• How will you manage conflicts of interest between the Studio the Fund and the Startups?
  • How will you ensure successful exits of your portfolio and thus ensuring a high fund ROI?


In the Startup Studio Playbook, you can find a lightweight framework for creating studios. It’s important to have some draft plans in place before building your fundraising strategy. For start, have some thoughts on your studio’s main vision. Consider how you will organize your venture building process? How big a team will you need to succeed?


Then let’s continue with the three most common questions:

  • How much money to raise?
  • Which kind of investor to approach?
  • How to build the fundraising deck?

Economy of scale has a high initial price tag

Startup studios are extremely efficient in producing many startups in parallel. With a large enough core team, you start to see economies of scale. You can build products and businesses with less risk and impact of failure. And faster build times, which means quicker market entry. All which costs a lot of money.

How much capital should we raise? The simple answer is: As much as you need to create a batch of startups and have enough runway as a studio until the next liquidity event. This is when you can realize the returns from one or more of your startups. Or when you get a new round of capital for your studio.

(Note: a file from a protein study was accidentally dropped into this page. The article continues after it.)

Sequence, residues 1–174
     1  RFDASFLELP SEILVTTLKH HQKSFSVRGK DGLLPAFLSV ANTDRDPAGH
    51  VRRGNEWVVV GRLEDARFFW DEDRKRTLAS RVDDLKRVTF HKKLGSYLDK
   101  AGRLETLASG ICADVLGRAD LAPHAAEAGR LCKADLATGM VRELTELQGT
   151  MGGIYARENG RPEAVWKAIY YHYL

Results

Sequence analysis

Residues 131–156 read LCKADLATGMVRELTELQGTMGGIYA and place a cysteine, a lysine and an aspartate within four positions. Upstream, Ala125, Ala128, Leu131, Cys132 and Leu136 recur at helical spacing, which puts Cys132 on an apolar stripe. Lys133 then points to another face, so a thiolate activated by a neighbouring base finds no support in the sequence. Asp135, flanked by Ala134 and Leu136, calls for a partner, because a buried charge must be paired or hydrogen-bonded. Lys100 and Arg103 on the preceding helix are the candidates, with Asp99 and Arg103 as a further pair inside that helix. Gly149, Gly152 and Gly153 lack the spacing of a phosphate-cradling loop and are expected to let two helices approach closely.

Much of this is estimations and forecasting. And these are important tasks. Because potential investors will also want to know the logic behind your numbers. The amount depends on:

  • Average cost of one startup: people, infrastructure, services;
  • Cash flow between Startups and the Studio and the Fund;
  • Batch size and scheduling of batches, work phases;
  • Time from zero to independence for startups;
  • Time until the studio gets first returns.


There is an exciting question here. What will happen to your portfolio companies after they become independent? And what will happen to the studio’s equity part. Follow-on investors will want to dilute you. First to make sure that leaders of the startup have enough equity to stay motivated. Second because in the later-stage startups the studio’s role is less significant. But if you as a studio have enough capital to take part in later funding rounds of your ventures, you can solve this. This of course means that you need to think ahead of what to do a few years from now

A) Raise a new fund for a new batch of companies;

B) Raise money so you can participate in the next funding rounds of your batch one startups;

C) Or both?

There is a fine line where “thinking big” and “being realistic” meet. We just need to find your line.

Let’s assume that you want to raise $10 million to create a 10 year long fund. The goal is to test and evaluate about 100 ideas and eventually end up investing into 10 ventures. Yes, this is a simplified example. And there are dozens of variables that we could fine tune based on your vision and preferences. We could go into detail about: